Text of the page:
Do I have to be like them?

It’s not something that anyone gets to see or sample during the interview process for a job. Nor is it something you can read about on an organisations website. And yet it can prove to be such a significant factor that it can determine how long you stay with the organisation and whether you look back on your experience as the best years or the worst years in your career. We’re talking about the behaviours which are accepted and expected as part of the character and culture of the organisation. In some organisations, or parts of an organisation (specific functions or teams), while there may not be overt pressure to conform to the signature set of behaviours (language style, content and phrases, interaction style) non-conformity can keep you on the outside as they act as your passport to being visible, legitimate and credible.

Organisations and functions with a profit imperative; sectors such as STEM; and, levels of leadership which continue to have a very high ratio of men to women are prone to a distinct profile of behaviour and language associated with masculinity. Needlessly competitive, abrupt, action-centred rather than considered, and with banter-centric socialising interactions and jargon both in work and after work - behaviour exemplified at the furthest extreme by the city investment boy-banker behaviours that played such a significant role in crashing the global economy. It’s aptly called ‘the bro-code’ in the digital sector.


In practical terms, what matters about this is whether having to conform to the ‘in’ behaviour and language, in order to be heard, to be credible and to thrive is acceptable or not. And actually, this is an individual judgement. What bothers me, may not bother you, in fact, it may suit you very well.

However, if conforming to a model of behaviour which isn’t in your normal repertoire is uncomfortable, what can you do about it?

As Arianna Huffington points out, these behaviours are part of a culture which will have developed over time and which are tacitly supported by organisational, functional or team leaders. If leaders don’t support the culture they have it in their gift to turn the tanker, and model or impose new standards of behaviour. When you are just a member of the crew on the tanker you can’t change its direction – your zone of influence is much smaller. This is an important distinction. You need to recognise what you can change and what you can’t (and what the shades are in between) to save your time, energy and angst.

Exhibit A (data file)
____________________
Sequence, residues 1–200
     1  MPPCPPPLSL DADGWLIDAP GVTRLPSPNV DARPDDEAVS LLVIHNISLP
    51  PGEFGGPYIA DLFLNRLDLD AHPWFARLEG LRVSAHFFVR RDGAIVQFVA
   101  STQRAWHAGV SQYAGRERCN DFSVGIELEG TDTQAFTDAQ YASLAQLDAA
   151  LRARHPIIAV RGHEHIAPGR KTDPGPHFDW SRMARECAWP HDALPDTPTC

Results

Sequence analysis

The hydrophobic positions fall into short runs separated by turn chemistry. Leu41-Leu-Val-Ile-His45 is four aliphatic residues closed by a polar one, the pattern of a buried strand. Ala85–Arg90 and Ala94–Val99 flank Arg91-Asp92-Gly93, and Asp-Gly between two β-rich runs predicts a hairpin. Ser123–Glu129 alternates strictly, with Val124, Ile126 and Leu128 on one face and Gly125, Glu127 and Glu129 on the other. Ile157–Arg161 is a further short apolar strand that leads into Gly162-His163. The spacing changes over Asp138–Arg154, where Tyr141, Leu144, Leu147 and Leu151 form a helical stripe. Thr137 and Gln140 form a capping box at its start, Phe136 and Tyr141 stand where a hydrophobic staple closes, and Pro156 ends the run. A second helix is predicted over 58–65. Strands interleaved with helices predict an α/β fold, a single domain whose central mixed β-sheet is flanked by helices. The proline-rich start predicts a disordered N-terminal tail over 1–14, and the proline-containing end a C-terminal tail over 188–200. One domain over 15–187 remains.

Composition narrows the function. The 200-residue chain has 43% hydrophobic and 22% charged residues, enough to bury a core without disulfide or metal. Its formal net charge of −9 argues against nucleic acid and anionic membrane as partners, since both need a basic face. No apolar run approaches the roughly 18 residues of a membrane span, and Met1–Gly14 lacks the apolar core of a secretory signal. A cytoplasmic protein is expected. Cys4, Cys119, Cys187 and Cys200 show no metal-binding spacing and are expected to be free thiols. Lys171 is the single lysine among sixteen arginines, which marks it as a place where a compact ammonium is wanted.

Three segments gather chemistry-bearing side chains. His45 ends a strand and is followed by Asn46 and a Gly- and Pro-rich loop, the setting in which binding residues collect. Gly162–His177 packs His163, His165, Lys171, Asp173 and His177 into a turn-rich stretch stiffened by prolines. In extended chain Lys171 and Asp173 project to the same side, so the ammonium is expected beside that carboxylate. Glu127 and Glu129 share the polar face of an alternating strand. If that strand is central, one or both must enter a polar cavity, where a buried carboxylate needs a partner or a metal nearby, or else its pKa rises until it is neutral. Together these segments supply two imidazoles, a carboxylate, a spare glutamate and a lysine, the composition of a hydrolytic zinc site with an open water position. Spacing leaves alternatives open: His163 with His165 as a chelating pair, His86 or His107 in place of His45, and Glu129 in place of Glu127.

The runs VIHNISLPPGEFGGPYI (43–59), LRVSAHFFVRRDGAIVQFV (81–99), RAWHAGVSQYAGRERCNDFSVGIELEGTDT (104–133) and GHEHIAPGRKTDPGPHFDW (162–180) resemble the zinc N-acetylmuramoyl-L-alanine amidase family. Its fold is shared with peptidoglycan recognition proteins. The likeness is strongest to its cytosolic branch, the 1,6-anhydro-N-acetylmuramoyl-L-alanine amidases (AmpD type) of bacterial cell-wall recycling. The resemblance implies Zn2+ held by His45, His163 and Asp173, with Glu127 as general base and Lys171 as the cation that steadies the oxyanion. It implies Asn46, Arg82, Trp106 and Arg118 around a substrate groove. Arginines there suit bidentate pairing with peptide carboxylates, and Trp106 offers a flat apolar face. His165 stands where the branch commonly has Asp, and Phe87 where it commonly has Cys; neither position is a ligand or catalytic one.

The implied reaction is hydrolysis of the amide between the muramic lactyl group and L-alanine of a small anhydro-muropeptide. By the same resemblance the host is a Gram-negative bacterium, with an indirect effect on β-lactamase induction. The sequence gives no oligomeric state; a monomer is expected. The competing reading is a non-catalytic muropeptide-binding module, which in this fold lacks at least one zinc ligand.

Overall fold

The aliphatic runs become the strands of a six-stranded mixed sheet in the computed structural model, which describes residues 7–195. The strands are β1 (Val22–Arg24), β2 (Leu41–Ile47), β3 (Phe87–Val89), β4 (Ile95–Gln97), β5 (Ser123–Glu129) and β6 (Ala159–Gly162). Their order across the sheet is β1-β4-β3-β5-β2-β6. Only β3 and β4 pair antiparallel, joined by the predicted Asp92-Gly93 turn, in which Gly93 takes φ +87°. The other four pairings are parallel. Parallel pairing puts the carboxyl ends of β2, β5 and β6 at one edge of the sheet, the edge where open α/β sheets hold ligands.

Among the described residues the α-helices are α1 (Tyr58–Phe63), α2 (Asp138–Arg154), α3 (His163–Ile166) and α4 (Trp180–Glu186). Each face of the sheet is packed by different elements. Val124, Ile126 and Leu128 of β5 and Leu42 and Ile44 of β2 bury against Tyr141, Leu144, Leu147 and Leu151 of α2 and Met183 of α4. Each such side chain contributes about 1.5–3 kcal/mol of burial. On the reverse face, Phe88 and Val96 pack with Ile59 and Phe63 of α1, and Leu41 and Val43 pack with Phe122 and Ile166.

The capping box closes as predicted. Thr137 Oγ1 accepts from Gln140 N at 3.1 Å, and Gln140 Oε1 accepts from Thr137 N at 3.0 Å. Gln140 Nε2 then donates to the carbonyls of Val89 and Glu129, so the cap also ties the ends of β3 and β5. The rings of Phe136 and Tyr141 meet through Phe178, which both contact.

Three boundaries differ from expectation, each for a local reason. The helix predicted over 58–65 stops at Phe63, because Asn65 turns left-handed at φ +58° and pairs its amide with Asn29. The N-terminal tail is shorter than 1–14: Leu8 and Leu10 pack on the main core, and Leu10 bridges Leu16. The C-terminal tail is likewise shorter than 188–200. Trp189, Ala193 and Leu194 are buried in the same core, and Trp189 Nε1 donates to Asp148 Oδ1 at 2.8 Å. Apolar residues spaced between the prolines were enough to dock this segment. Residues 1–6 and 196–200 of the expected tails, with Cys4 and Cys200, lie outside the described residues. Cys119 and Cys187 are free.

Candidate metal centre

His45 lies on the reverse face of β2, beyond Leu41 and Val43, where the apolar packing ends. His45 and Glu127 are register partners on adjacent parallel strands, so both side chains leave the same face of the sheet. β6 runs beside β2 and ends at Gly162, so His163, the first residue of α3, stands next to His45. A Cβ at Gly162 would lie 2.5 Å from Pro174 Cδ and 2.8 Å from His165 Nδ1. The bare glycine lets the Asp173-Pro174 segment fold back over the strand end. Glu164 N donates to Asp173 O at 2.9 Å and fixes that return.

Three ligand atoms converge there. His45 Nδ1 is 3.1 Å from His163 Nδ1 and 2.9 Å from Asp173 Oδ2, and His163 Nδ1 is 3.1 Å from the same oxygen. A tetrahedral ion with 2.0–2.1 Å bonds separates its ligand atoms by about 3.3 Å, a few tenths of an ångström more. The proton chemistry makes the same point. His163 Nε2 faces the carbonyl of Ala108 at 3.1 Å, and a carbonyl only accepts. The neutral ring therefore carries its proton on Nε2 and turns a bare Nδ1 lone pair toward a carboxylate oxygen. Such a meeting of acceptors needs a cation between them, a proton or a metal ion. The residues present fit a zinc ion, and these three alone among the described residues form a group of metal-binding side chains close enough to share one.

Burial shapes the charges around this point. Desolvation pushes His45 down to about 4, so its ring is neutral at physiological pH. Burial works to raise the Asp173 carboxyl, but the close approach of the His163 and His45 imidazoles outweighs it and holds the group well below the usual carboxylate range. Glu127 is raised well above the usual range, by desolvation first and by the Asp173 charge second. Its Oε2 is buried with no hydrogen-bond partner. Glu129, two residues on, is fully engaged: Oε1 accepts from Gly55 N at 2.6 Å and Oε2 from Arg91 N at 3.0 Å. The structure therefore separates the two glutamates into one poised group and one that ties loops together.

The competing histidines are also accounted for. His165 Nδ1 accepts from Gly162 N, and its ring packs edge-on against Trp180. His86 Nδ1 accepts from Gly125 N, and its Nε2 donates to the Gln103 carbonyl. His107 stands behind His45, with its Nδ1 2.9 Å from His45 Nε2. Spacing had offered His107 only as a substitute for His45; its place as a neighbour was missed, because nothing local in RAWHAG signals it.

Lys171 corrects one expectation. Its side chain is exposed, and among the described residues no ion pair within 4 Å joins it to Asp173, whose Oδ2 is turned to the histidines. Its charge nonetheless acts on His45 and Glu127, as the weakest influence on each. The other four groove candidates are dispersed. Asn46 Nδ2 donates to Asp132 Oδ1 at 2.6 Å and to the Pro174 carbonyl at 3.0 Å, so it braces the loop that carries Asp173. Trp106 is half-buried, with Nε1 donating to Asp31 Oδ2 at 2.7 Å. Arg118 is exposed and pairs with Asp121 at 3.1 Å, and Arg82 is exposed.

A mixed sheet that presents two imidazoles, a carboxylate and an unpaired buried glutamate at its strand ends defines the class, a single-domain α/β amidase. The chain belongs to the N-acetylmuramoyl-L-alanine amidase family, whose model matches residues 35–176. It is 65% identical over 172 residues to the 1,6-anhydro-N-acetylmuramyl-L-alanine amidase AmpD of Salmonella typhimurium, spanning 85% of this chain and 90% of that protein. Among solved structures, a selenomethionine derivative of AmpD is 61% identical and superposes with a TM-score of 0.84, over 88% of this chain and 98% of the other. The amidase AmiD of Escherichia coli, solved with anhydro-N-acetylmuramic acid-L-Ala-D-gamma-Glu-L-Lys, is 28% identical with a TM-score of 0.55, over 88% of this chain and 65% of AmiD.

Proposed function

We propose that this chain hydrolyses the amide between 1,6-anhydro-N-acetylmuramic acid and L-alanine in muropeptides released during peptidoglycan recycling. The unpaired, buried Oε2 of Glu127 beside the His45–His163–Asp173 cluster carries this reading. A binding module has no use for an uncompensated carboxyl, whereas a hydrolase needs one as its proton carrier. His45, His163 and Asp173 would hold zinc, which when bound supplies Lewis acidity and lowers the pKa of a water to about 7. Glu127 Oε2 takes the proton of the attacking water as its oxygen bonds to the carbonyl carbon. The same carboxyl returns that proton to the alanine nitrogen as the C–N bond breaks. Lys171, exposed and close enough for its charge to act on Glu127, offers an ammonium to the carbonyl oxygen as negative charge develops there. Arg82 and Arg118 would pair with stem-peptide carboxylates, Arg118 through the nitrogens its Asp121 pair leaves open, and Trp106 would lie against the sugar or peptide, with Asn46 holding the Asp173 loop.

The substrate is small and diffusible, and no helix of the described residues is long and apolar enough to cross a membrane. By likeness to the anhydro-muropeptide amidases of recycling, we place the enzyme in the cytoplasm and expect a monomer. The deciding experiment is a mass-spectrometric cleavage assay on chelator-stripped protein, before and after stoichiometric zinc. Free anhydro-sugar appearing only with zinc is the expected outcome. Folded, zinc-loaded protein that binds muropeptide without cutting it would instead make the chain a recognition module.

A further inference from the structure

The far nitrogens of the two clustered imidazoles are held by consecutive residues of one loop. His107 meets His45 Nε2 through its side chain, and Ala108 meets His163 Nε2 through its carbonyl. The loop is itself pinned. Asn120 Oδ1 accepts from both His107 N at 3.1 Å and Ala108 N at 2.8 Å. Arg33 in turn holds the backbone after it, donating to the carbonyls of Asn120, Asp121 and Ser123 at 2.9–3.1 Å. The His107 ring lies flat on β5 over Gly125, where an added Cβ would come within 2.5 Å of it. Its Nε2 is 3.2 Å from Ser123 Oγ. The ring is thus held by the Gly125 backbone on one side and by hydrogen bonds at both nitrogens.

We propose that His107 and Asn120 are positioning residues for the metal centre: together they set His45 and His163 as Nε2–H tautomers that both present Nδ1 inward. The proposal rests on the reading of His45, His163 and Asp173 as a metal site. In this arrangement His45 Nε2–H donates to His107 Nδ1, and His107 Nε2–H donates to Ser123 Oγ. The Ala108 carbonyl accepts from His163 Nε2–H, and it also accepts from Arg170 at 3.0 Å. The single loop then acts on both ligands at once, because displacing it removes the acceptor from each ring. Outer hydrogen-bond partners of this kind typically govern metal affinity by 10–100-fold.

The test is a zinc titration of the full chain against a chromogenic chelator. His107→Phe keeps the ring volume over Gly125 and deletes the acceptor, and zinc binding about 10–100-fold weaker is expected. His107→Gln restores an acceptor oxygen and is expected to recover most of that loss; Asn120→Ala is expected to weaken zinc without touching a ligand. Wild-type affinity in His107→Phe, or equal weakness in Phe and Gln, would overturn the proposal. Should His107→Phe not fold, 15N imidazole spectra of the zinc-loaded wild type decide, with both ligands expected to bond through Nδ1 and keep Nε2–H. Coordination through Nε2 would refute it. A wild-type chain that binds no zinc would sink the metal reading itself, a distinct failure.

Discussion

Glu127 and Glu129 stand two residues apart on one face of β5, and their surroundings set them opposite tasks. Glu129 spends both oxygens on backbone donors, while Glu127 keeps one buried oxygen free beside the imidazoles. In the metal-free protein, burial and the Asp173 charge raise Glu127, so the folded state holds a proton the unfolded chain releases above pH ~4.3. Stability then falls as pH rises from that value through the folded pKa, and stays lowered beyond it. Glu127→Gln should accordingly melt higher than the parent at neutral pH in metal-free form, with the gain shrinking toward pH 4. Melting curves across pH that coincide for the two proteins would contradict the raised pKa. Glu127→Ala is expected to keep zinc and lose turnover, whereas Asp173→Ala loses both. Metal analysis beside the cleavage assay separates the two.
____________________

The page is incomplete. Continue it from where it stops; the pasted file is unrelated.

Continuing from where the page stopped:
The golden rule is therefore...

Make changes when you can; conform when you can't and get out if it's doing your head in.

Make changes when you can

In the early career stages your sphere of influence is limited, so most changes you make to behaviours or language will focus on the immediate proximity. However, as pointed out by Debra Meyerson in ‘Tempered Radicals’, small ripples can carry a long way if you drop your stone in the right place. So, pick your battles. Alternatively, bide your time till your influence is greater. As you climb the ladder – running a project, a team, a function - you can make improvements, creating your own micro-culture, then meso- and eventually macro-culture.

Conform when you can't

 The truth is that we are all constantly adapting to different people and different situations. It is just how we successfully navigate the complexity of human relations. We use different language and behaviour with our friends; our parents; with the person we order our coffee from; or the person sitting next to us on the bus / train / tube. So, equally we must expect that there will be a social norm for the work place which we need to figure out and adapt to in order to succeed.

You therefore need to evaluate how much of an issue conforming to a given culture and its normalised language and behaviours really is. Does it clash deeply with your values and integrity or just irritate you a bit from time to time? Do you have to be an alien in your own body the whole time or just act the part occasionally?

Get out if it's doing your head in

If you have taken stock of the situation and found, on balance, that it’s taking you too far away from who you are comfortable being, and for too much of the time, then defend your sanity and get out. It is better to leave while you are feeling positive, strong and in control than to leave it till you’re at a really low ebb as this may affect your outcomes as you pursue opportunities with better employers. However, organisations can’t respond and change if they don’t know there’s an issue. So, if all else has failed, make sure you use your exit interview to let them know why they lost your talent.

Get in touch if you you’d like to discuss this challenge or any others you face in securing the opportunities and progression you want.

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